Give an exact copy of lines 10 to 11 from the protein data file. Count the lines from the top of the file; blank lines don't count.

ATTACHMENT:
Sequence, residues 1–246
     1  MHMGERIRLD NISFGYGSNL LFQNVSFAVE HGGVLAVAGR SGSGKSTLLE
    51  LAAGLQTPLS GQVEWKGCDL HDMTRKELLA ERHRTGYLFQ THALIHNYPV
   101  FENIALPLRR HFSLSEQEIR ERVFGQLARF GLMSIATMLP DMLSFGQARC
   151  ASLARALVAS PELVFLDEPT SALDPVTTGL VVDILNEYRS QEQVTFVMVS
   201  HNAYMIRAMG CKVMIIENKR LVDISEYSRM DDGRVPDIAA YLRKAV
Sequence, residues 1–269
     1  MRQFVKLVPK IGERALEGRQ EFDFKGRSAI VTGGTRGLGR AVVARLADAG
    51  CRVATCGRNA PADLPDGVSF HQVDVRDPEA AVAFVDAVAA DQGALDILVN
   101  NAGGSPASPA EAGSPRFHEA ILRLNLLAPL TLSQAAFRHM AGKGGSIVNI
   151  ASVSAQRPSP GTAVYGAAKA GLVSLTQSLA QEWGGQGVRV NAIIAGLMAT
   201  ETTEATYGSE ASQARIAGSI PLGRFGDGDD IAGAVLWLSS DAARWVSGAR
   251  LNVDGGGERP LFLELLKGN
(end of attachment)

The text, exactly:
   101  NAGGSPASPA EAGSPRFHEA ILRLNLLAPL TLSQAAFRHM AGKGGSIVNI
   151  ASVSAQRPSP GTAVYGAAKA GLVSLTQSLA QEWGGQGVRV NAIIAGLMAT